There is a crisis in Higher Education
In 1968, the Kerner report, in speaking of the sharp socio-economic divide between blacks and whites, spoke of a nation moving towards “two societies…separate but unequal.” The troubling issues of racial inequity notwithstanding, in higher education there are also two societies, that of the full-timer and that of the adjunct instructor.
The full-timer’s society is one distinguished by the relative security of tenure, reasonable pay and benefits, administrative support for professional development, often the form of sabbaticals, a sense of singular institutional identity, and collegiality.
The adjunct’s society is distinguished by essentially the lack of all of the above.
Adjuncts are for the most part at-will workers, subject not only to the ups and downs of educational budgets, but the whims of administrators, department chairs, and their other full-time colleagues. Many, if not most, have no direct health and welfare benefits from their employers, despite the employee mandates of Obamacare. Professional development may be encouraged and in some cases expected, but rarely institutionally supported. More importantly, the adjunct must be a servant to each institution he/she works at, yet never fully committed to one, as for many, their “offices” consist of at best group adjunct workrooms, but more often than not, cafeterias, coffee shops, or their cars.
This for pay which is in many cases a fraction of what a full-timer is paid for a similar credit load.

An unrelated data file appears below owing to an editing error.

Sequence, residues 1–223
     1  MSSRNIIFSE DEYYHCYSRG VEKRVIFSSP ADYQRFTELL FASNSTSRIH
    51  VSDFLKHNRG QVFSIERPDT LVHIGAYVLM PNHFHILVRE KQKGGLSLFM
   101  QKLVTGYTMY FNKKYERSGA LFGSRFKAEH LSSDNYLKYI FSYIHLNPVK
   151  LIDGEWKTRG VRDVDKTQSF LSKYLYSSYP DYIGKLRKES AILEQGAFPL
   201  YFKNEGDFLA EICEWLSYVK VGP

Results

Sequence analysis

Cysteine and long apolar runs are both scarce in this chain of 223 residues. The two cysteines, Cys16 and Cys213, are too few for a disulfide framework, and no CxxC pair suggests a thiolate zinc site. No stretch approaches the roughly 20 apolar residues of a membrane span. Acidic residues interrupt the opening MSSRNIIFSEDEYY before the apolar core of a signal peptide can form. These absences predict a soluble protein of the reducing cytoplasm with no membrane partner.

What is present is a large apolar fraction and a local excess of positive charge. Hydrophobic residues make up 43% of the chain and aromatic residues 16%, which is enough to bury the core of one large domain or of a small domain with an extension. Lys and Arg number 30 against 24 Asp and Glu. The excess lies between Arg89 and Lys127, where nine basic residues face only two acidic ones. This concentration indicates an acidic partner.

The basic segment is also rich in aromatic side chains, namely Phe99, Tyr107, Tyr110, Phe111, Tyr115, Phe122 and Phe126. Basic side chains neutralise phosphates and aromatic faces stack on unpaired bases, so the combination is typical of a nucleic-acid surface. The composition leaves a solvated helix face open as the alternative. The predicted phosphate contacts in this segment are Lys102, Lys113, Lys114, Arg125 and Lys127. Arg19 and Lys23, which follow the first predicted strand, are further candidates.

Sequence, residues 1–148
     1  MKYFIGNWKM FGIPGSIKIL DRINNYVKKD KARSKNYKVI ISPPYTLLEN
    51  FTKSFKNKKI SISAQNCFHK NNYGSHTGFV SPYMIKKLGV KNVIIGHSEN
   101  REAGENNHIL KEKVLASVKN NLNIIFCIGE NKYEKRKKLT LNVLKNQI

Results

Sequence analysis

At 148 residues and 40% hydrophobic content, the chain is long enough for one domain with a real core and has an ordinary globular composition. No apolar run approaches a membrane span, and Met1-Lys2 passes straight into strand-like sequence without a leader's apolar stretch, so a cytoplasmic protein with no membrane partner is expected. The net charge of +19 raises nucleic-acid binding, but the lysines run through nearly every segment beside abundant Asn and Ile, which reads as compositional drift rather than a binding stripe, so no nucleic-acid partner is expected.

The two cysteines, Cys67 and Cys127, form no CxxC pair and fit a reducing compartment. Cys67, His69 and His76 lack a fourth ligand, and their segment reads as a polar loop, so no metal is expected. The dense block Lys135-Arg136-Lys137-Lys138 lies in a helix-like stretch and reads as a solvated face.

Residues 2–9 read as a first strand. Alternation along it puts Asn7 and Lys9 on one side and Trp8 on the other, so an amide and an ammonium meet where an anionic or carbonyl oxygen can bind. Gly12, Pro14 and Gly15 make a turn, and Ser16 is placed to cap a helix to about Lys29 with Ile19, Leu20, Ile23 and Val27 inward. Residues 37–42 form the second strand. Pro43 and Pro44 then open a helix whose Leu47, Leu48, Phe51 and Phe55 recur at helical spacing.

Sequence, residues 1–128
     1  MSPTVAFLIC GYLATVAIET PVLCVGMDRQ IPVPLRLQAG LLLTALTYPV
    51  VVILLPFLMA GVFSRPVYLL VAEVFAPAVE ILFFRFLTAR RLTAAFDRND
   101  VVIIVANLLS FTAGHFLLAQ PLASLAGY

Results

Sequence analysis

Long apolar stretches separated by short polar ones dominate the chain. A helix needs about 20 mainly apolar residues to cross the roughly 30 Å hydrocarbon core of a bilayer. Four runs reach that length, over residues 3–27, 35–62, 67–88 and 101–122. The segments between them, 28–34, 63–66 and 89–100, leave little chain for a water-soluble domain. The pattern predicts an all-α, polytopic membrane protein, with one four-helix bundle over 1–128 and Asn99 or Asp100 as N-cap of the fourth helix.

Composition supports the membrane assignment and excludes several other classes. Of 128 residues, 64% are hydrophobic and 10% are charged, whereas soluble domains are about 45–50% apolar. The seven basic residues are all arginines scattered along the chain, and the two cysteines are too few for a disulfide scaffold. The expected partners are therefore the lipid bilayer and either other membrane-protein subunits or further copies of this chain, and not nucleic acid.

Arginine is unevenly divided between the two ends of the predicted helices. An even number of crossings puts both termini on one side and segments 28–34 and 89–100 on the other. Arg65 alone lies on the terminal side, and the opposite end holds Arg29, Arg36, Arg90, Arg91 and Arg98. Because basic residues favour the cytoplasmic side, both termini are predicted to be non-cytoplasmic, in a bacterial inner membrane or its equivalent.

The real crisis here is that the two societies are in fact increasingly moving towards one society—that of the adjunct. At many campuses, adjuncts represent not the majority of instructors, but in fact, teach the majority of the classes.
Politicians and administrators alike have been complicit in this trend, believing that by providing education on the cheap through the standard model of adjunctification/exploitation, they can hoodwink students and parents into the notion that they can truly provide quality education while glossing over their lack of political will in seeking the necessary revenue for providing, not only a quality education, but social justice to those workers/adjuncts on its front lines.
Adjuncts deserve nothing less than the following:
1) A realistic chance to become a full-time faculty member by increasing full-time positions in accordance with 75/25 legislation and a clear pathway to full-time employment
2) A consistent rehire policy based on seniority so that they don’t have to live in constant fear of losing their jobs
3) Pay commensurate to what full-time instructors are paid for the same work
4) Health and welfare benefits for themselves and their families so that they no longer have to fear being sick or avoid going to the doctor when medical issues arise
Clearly, what adjuncts deserve is something that will neither be cheaply, easily, or quickly attained, but the time for ignoring or putting the addressing of these needs has long since passed. The time for serious discussion, and ultimately action, is upon us.
A Good Adjunct